I am writing an essay for an anthology on APA studies for Arizona State University - my first submission to an academic journal. With the rise of young people in the independence movement today (e.g. many of you on Ke A'o Maoli!), I felt it was important to document it and spread the word across the continent that this is happening.
I would like to interview college students, grads, educators, activists, organizers, who are active and want to contribute to this essay. Here's the abstract - please feel free to add your mana'o!
For years, activist groups and concerned individuals have rallied the Hawaiian community around the push for self-determination. Sovereignty remains a prevailing issue on the minds of many Hawaiians, including many young people who are upset and dissatisfied with Western ideology. In the age of new thinkers and contributors to the cause, however, the radical and fractured nature of the movement has left many young Hawaiians disconnected. I explore how this generation, utilizing their education to create systemic change, will build on the sovereignty movement to influence the future of the next.
This essay examines the particular role of young college-educated Native Hawaiians in reshaping and redefining the Hawaiian sovereignty movement. New data from financial aid and college support programs for Native Hawaiians, as well as enrollment figures from Hawai’i and mainland universities will allow exploration of the growth of the number of Hawaiians obtaining higher-education degrees and entering the public and non-profit sectors. Interviews with young working professionals, college professors, language teachers, and educators will reflect this data, and also serve to highlight the extent to which young educated Hawaiians are contributing to the theories and arguments that support the sovereignty movement, building on the lessons learned from previous generations of activists.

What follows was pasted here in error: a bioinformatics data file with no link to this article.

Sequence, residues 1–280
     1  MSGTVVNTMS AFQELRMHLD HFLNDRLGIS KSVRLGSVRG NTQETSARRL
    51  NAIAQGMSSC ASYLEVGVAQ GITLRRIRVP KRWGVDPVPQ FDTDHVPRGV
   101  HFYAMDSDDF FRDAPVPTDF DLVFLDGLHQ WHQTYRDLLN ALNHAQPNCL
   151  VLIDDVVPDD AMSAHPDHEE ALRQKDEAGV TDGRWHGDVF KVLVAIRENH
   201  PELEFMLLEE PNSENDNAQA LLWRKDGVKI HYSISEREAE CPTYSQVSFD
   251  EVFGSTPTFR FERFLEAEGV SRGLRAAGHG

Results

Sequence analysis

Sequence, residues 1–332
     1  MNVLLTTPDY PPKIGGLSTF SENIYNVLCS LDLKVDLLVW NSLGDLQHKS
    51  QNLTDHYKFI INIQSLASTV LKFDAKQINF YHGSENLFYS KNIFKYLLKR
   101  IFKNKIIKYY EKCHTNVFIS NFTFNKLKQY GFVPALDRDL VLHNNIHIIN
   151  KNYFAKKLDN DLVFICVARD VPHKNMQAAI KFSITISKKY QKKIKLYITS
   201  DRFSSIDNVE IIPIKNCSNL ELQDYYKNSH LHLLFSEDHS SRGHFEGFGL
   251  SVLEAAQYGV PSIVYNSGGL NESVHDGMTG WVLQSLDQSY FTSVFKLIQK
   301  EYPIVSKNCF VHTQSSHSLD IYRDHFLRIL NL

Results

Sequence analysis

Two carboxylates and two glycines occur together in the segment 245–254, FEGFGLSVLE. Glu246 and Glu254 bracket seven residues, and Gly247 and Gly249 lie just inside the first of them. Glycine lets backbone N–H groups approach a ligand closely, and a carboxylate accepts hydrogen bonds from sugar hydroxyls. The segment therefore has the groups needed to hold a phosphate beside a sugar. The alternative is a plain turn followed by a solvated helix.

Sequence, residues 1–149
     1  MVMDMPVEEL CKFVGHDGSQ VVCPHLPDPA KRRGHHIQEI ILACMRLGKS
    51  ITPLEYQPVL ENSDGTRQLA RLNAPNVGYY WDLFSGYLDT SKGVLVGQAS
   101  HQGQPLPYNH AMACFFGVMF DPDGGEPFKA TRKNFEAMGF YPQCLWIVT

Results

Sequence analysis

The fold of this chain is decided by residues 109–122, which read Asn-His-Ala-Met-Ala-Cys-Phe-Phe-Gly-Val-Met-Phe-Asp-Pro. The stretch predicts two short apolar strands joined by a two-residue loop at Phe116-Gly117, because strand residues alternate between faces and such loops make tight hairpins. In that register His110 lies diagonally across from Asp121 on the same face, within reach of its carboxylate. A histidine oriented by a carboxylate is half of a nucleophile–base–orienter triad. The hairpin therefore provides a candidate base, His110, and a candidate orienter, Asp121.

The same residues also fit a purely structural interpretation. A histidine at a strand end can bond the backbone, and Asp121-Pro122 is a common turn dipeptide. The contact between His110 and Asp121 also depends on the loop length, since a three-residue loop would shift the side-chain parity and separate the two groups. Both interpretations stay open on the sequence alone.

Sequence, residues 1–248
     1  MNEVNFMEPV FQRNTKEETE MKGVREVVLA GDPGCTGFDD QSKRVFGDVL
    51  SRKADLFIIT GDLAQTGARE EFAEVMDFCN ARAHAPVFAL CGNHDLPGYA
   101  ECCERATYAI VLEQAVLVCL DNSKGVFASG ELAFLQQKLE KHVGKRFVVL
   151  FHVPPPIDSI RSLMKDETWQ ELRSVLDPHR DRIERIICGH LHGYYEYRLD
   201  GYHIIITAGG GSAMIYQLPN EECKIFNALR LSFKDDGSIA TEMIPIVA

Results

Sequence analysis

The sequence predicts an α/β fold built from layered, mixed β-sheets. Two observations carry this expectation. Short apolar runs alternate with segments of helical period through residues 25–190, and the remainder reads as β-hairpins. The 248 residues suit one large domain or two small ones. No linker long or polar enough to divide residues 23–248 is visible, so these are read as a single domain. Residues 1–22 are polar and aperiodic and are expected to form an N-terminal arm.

Examining the writing and organizing efforts by long-standing Native Hawaiian activists such as Haunani-Kay Trask, Kekuni Blaisdell, and others, the paper will attempt to shed light on their contributions and successes as well as take a look at the gaps in organizing and mobilizing young people in the movement. Tying in current legal issues such as the Akaka Bill and anti-affirmative action cases will bring us into modern-day issues surrounding self-determination and the ripple-impact these decisions will have on the ways that the movement can and will proceed in the hands of new leaders and thinkers.
The paper will reflect on useful theories and literature for indigenous activism and essentially lay the framework for thinking about how higher education and young people's power to create systemic change in government are at the center of the movement for Native Hawaiian sovereignty.
SHARE -- ANY KOKUA IS APPRECIATED.... LET'S EDUCATE! WE ARE HERE, LOUD AND PROUD! Ku'e, kanaka, ku'e!!! Eo.............